The Politicians

Philip, as indicated above, was probably of Greek ancestry. His name was Greek. He was the one that Grecian Jews came to. As such, he may have been the only member of the sect of the Sadducees among the apostles. The Sadducees were generally Jews who accepted Hellenistic (Greek) philosophy and culture. They tried to adapt the Temple rituals to Greek ways, with little success. Where they were successful was the political arena, the Sanhedrin. If Philip was a Sadducee he was probably wealthy, politically liberal, but religiously conservative. He might have had some difficulty accepting all of the teachings of Jesus, who tended to take the Pharisaic view. Considering the political and religious climate of the time, it is likely that Jesus had at least one Sadducee apostle. Most likely Philip was the one to represent the Messiah to the Hellenistic Jews. If so, that would put him in direct opposition to two other apostles.

Matthew the Levite was, by occupation, a tax collector. With his priestly background and his position as a Roman employee he may have actually leaned more toward the Sadducees, except that the Hellenists and the Romans did not always agree on political and cultural issues. Matthew may have been the outcast of the apostles. He was a tax collector, and the Pharisees often lumped them with “sinners” or harlots. It was easy to become a tax collector. All you had to do was pay the Roman government the total tax burden for a particular area. Then you went out and collected taxes to make up your losses. This system was open for abuse, because the tax collector made his profit by collecting more than he had paid to the government—often much more. They were often rightly equated with loan sharks. Such was Matthew. In the middle of tax season, though, he gave up tax collecting to follow Jesus. This meant that he probably took a considerable financial loss the first year. But he was probably the ambassador to the downtrodden. He could go where many “righteous” people would not go, and associate with people that Jesus might not otherwise be able to reach. He probably also served as a buffer between Philip and another apostle.

All we know about the “other Simon” is that he was a Canaanite and a Zealot. The term Canaanite may refer to a semi-pagan religious background, or it may simply mean that he could trace his lineage back to the conquest under Joshua. That he was a Zealot is more significant. This man was known as a militant opponent of the Roman government. He probably originally looked at Jesus as the Messiah who would lead a revolt against the Romans and restore Palestine to the Jews. He was probably the first apostle among those mentioned in Acts 1:6. “When they therefore were come together, they asked of him, saying, Lord, wilt thou at this time restore again the kingdom to Israel?” He still couldn’t see through the physical to the spiritual. In that respect, Simon may be the apostle to many people today, who still anticipate a physical kingdom on earth.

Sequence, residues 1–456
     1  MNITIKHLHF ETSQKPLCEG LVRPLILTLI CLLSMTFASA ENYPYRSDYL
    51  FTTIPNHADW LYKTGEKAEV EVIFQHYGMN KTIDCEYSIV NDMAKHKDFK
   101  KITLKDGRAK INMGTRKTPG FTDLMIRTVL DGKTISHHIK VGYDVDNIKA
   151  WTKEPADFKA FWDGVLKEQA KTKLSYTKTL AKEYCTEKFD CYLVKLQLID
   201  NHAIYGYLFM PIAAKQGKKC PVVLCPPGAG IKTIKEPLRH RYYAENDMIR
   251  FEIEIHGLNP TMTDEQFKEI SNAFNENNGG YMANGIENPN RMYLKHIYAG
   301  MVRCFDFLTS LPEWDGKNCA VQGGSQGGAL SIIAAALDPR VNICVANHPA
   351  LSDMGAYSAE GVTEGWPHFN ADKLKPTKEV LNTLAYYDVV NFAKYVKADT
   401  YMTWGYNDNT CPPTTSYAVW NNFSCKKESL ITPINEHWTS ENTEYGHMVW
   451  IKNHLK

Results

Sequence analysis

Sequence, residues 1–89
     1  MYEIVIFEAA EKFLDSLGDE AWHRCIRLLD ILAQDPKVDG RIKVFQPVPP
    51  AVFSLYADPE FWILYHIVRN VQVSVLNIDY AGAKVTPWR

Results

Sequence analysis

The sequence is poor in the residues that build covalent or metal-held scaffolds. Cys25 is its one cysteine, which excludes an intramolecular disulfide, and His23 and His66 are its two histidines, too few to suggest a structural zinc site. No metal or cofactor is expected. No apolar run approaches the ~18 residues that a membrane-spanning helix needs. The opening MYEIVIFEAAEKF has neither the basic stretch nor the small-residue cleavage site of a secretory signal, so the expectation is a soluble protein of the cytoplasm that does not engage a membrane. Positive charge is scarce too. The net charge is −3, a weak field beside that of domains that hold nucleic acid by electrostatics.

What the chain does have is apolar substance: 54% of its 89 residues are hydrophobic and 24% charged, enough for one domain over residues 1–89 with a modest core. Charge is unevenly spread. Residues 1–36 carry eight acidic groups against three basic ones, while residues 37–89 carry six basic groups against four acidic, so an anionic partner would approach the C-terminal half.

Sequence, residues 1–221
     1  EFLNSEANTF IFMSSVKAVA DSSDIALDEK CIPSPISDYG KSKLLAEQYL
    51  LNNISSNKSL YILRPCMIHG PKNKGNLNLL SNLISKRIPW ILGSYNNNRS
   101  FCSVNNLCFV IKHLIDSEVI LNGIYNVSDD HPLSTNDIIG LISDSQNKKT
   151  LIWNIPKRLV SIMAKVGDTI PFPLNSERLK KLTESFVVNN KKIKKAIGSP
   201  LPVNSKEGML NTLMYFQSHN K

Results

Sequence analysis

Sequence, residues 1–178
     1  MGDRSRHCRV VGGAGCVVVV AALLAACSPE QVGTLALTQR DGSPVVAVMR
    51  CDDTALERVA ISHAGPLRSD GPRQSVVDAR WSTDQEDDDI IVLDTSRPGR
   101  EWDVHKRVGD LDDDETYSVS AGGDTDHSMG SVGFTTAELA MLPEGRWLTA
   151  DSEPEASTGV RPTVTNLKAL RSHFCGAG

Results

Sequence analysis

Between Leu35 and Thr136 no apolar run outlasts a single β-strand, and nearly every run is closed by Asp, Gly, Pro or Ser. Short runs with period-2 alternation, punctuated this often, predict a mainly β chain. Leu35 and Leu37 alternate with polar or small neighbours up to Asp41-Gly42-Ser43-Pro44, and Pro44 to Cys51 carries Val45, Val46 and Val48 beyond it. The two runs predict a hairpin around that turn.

Three political viewpoints; three apostles. If anyone needs to see that Jesus was the Messiah to all men, he only has to look as far as these three names in the list of the apostles.

The twin and the betrayer

The final two apostles are Thomas the Twin and Judas of Kerioth. Although Matthew may have been the outcast at the time, these two are the outcasts of the apostles ever since. They have come down to our time in such phrases as “doubting Thomas” and “the Judas kiss.”

Thomas has undeservedly gotten some bad press. This is the man who once said, “Let us also go, that we may die with him.” (Jn 11:16) He paid attention to Jesus, and was sorely disappointed with his death. Naturally he was doubtful of the resurrection; who among us wouldn’t have been? Yet after having said that he would have to actually touch the wounds, when it came down to it he expressed joy and faith just at seeing Jesus. Yes, it took seeing, but that was less than what he had declared it would take. One time he doubted, just as the other apostles had doubted. Jesus didn’t pick him because he was a doubter, though. He picked him because he was a believer. We all may weaken at times, like Thomas, but we can recover, just as he did.

Judas of Kerioth. He was a thief and a betrayer. He was a suicide. He sold out for a handful of coins. His name has become so hated that in English we don’t call the book of the Bible by another Judas by that name but by “Jude.” Of the three great betrayers of history—Judas, Benedict Arnold, and Quisling—the name of Judas stands out. And yet Jesus, who knew he would betray him, included Judas among his twelve ambassadors. There were other disciples who were constantly with him. He could have kept Judas among them and still have been betrayed to the Romans. Yet he picked Judas as one of the twelve. Why? Only Jesus knows. But he must have seen something in him worthy of elevation. Because of that, Judas may truly be the apostle to all of us. Not because he committed suicide instead of facing his failure, but because of his failure. Judas is our apostle because we all fail. We sin and disappoint God. “By one man sin entered into the world, and death by sin; and so death passed upon all men, for that all have sinned.” (Rom 5:12) Would we have—do we—betray Jesus? Maybe not. But do we disappoint him? Certainly. Do we sin, and fail to live up to his expectations? Definitely. Do we have an apostle who shows us how to deal with sin by showing us how not to deal with it. His name is Judas.

Jesus picked twelve men and called them ambassadors. They are his representatives to a lost world. Why did he need apostles? One answer is that he was not going to be around. But in the long picture, neither are they. These twelve men died around 1900 years ago. But they continue to be the ambassadors of the Messiah to a lost world. Maybe it was because they could do the one thing he did not do. They could sin. They could tell the world, “He was perfect and the sacrifice for sin. I know. I was the sinner.” Whatever the reason that he picked them, he picked them for their variety. Even inseparable James and John were different. In this world that celebrates diversity it would be hard to find a more diverse group. Vive le difference!

2015315 0187492